VCIT: An Alternative Approach To Tackling Corporate Debt

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Exchange traded funds have highly altered investment opportunities in today's financial markets. Investors now have the easy access and ability to receive exposure to various investments in different markets that the typical individual investor did not have prior access to. This article outlines the highlights of an exchange traded bond fund that targets high growth U.S. corporate debt and concludes with explaining how fixed income investors can benefit from exposure to a diverse set of moderate to high grade fixed income securities. The security I will be focusing on is Vanguard Intermediate Term Corporate Bond ETF (NASDAQ:VCIT).


VCIT is an exchange traded corporate bond fund that attempts to follow the performance of the Barclays Capital U.S. 5-10 Year Corporate Bond Index, which principally is solely a subset of the Barclays Capital U.S. Aggregate Float Adjusted Index. The Barclays Capital U.S. 5-10 Year Corporate Bond Index measures the investment return of U.S. dollar denominated, investment-grade, fixed rate, taxable securities issued by companies in the industrials, utilities, and financial services industries. The securities vary from five to ten years in maturity. VCIT is managed by Joshua Barrickman and has been since November of 2009.


Figure 1: VCIT Price Graph

VCIT has an extremely low expense ratio of only 0.14% and is currently trading slightly below the 52 week high of $88.80. The 52 week price variance is $8.60, indicating very low signs of any volatility. For an exchange traded bon fund, VCIT has displayed aggressive growth for quite some time now as you will see in the graph above. Steady growth has been consistent from the black line representing the YTD mark as well as from the previous year. Below you will see an example of a different exchange traded bond fund that shows very similar signs of growth.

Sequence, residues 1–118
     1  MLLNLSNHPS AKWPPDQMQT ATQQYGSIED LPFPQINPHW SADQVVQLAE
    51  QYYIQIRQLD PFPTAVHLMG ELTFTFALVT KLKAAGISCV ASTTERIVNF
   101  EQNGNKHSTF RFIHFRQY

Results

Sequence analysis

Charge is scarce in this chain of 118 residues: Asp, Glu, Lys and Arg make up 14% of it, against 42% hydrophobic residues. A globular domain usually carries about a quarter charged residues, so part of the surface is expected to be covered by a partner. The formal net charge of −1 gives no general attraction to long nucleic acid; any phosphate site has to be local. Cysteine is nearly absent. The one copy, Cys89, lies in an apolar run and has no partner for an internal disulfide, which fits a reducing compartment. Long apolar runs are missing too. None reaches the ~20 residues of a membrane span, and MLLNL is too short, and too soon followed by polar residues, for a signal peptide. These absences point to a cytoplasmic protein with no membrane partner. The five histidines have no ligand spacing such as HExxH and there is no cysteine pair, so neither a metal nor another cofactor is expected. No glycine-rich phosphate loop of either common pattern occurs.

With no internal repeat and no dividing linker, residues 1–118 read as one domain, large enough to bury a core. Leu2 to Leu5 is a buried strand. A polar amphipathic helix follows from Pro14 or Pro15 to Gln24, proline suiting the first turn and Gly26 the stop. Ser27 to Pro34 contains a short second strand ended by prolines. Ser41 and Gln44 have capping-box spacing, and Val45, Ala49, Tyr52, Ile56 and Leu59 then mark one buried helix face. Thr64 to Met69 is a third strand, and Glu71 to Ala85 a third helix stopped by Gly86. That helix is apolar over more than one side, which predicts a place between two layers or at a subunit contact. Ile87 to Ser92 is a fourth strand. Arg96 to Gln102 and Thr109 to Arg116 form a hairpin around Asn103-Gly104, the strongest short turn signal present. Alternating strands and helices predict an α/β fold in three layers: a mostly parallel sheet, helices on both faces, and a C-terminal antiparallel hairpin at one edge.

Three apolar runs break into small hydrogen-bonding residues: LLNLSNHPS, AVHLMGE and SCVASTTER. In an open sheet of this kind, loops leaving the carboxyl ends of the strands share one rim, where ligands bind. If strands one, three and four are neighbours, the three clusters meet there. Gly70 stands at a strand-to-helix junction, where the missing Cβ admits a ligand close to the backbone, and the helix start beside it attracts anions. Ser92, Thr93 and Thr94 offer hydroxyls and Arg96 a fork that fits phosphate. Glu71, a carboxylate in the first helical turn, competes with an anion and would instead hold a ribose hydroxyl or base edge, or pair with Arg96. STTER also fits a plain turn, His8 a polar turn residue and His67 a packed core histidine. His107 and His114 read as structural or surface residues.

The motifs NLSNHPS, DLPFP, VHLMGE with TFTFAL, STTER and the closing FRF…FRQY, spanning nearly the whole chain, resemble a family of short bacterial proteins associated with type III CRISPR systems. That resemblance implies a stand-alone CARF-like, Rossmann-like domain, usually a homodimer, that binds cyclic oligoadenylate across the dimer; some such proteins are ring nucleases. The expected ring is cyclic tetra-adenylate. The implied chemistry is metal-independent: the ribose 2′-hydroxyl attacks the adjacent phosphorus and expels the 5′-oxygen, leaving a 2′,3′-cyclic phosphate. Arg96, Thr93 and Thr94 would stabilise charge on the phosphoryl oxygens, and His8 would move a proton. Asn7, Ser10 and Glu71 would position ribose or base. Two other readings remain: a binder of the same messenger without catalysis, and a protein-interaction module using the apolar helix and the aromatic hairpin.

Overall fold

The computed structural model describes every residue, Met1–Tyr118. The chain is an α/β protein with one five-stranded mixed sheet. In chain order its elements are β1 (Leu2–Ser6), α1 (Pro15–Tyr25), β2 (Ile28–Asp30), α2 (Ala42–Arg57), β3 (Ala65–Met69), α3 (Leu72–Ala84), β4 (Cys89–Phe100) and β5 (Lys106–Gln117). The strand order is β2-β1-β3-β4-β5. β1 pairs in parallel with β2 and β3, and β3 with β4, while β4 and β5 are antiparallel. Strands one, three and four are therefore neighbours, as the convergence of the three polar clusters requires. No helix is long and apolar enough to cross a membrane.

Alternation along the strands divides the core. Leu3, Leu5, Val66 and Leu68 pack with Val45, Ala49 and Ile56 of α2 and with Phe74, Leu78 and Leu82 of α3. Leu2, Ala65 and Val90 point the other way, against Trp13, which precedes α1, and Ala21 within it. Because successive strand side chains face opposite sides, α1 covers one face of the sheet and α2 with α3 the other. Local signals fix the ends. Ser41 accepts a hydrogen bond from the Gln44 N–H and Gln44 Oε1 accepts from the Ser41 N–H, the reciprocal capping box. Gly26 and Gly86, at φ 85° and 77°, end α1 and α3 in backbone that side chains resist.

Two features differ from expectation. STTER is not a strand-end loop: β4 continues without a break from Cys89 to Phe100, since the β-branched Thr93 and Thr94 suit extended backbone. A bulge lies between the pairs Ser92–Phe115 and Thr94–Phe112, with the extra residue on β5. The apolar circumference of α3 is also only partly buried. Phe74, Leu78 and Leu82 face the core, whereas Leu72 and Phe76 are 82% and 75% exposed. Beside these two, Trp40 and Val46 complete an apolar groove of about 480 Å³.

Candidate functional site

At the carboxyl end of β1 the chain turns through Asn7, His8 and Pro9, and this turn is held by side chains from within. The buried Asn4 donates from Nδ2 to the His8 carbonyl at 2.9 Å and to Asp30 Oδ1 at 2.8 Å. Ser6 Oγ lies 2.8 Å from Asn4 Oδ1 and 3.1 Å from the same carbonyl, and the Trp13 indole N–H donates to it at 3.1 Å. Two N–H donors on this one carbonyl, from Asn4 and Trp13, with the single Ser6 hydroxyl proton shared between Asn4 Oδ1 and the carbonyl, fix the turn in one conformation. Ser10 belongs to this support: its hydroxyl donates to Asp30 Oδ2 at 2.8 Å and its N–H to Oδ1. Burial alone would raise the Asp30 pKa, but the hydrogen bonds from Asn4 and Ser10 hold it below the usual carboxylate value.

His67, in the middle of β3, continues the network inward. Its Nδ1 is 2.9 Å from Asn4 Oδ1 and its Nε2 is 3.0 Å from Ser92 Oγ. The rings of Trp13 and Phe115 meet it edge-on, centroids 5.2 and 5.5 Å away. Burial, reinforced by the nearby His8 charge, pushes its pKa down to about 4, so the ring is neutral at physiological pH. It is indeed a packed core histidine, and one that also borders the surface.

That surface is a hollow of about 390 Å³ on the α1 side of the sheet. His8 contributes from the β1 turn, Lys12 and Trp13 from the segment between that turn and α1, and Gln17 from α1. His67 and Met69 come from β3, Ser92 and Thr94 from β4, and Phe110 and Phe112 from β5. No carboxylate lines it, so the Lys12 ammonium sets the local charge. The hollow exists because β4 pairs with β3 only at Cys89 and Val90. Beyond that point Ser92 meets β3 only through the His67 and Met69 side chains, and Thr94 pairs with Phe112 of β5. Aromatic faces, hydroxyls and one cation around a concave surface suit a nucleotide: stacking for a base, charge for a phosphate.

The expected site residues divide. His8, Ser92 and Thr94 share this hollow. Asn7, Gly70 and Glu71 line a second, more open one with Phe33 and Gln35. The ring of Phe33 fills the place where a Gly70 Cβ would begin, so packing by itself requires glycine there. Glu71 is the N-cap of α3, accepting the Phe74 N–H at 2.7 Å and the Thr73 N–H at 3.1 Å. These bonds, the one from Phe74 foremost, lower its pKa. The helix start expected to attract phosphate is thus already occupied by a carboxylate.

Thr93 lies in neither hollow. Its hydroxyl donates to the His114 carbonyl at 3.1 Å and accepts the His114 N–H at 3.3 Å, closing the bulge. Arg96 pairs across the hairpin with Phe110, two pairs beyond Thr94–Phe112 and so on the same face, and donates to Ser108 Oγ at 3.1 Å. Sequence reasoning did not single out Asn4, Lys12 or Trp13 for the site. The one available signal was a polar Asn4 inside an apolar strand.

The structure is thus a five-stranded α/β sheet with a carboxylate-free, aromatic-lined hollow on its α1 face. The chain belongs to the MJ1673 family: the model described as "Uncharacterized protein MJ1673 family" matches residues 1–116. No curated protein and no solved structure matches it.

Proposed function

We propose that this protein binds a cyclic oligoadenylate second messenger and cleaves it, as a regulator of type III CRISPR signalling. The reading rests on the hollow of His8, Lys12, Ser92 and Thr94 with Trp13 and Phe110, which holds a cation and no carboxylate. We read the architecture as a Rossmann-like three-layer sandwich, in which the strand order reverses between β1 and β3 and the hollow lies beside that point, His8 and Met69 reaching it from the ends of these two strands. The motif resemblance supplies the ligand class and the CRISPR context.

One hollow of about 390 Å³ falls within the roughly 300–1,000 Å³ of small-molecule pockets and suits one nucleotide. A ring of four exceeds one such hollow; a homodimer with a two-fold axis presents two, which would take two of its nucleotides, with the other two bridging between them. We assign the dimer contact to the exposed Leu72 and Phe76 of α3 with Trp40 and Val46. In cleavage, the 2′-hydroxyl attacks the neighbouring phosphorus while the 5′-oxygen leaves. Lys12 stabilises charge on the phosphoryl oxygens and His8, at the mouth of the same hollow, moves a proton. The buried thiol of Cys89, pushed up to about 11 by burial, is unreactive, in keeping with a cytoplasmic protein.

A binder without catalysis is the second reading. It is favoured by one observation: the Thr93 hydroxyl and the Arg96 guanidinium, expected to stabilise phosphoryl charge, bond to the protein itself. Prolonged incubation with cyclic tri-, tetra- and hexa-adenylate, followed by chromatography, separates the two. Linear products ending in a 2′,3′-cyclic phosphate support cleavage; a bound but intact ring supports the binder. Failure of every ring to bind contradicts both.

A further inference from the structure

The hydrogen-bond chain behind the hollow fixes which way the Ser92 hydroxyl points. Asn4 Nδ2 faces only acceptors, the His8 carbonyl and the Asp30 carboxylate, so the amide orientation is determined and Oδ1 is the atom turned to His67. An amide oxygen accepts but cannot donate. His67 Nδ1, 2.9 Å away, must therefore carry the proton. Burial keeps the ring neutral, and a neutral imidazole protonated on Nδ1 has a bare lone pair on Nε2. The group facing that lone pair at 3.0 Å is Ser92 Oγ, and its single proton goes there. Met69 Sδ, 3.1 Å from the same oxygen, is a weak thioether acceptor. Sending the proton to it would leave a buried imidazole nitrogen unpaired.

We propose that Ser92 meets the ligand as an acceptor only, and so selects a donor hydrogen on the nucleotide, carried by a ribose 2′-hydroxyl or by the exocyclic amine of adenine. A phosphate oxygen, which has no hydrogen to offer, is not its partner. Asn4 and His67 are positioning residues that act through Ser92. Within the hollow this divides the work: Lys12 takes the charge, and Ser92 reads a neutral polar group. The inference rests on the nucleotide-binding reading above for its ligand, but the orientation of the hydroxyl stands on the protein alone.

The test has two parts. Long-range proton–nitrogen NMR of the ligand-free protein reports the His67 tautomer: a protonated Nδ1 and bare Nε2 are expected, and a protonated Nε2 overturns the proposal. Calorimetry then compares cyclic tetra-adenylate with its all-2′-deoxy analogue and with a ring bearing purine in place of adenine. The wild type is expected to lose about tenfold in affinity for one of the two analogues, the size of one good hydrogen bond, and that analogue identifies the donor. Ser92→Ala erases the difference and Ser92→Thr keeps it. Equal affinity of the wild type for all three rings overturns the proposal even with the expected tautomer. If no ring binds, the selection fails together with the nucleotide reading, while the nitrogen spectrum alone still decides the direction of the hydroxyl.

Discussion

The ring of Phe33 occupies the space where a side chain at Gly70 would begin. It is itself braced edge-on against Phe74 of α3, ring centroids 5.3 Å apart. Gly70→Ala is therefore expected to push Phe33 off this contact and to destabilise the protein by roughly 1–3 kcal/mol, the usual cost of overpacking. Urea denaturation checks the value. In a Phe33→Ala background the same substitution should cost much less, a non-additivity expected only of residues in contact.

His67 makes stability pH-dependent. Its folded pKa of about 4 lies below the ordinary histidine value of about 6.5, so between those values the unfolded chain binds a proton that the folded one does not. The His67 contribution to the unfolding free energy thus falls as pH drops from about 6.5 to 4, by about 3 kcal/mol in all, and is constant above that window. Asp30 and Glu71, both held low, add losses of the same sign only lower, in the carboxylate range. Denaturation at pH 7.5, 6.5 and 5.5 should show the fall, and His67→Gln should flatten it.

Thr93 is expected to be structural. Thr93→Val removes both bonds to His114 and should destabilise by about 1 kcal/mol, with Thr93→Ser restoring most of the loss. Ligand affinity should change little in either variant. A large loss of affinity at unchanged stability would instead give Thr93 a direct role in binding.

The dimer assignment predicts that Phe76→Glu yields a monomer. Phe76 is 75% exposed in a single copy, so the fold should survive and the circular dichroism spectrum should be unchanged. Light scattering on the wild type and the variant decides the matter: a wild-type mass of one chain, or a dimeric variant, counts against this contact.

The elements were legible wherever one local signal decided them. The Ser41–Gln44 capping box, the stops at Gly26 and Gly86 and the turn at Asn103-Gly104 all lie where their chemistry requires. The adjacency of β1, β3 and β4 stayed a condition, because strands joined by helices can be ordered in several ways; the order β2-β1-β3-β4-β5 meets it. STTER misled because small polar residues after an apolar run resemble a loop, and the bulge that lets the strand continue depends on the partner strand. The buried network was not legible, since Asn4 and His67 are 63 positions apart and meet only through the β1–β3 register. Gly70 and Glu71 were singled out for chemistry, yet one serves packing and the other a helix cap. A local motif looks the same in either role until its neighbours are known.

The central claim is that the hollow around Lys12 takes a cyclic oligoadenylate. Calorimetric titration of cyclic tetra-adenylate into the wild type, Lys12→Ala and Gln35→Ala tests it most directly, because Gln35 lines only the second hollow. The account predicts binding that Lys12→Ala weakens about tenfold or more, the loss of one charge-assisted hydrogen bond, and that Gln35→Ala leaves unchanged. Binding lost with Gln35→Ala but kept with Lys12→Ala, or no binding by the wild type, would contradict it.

VCIT Stacks Up to Inflation-Protected Securities

Figure 2: iShares Barclays TIPS Bond Fund (NYSEARCA:TIP)

The graph above depicts the price performance over the past three years of iShares Barclays TIPS Bond Fund , which is an exchange traded fund as well. However, TIP corresponds to the price and yield performance of Barclays U.S Treasury Inflation Protected Securities Index, which is highly correlated and serves as the underlying index that measures the overall performance of the inflation-protected public obligation of the U.S. Treasury. As you will notice the graphs are very similar in nature. Both exchange traded funds have provided steady aggregate growth from YTD (shown by the black line) as well as since the beginning of 2011.


Inflation is inevitably catching up with us. Thus forcing U.S. Treasury securities to become increasingly riskier and less attractive to individuals who have been long advocates for their "risk-free return". However, given the prevailing market conditions individual investors need to be seeking investments in precious metals, Treasury securities that offer protection from inflation such as 3-year TIPS, and various exchange traded funds that offer exposure to a diversified investment set. VCIT provides this low risk exposure that will help minimize the firm specific risk investors face when purchasing single corporation debt. VCIT provides an alternative approach to investing in corporate debt that will provide investors with steady, yet diversified growth.

Sources: The Wall Street Journal, TD Ameritrade, and Google Finance.

Disclosure: I have no positions in any stocks mentioned, and no plans to initiate any positions within the next 72 hours. I wrote this article myself, and it expresses my own opinions. I am not receiving compensation for it (other than from Seeking Alpha). I have no business relationship with any company whose stock is mentioned in this article.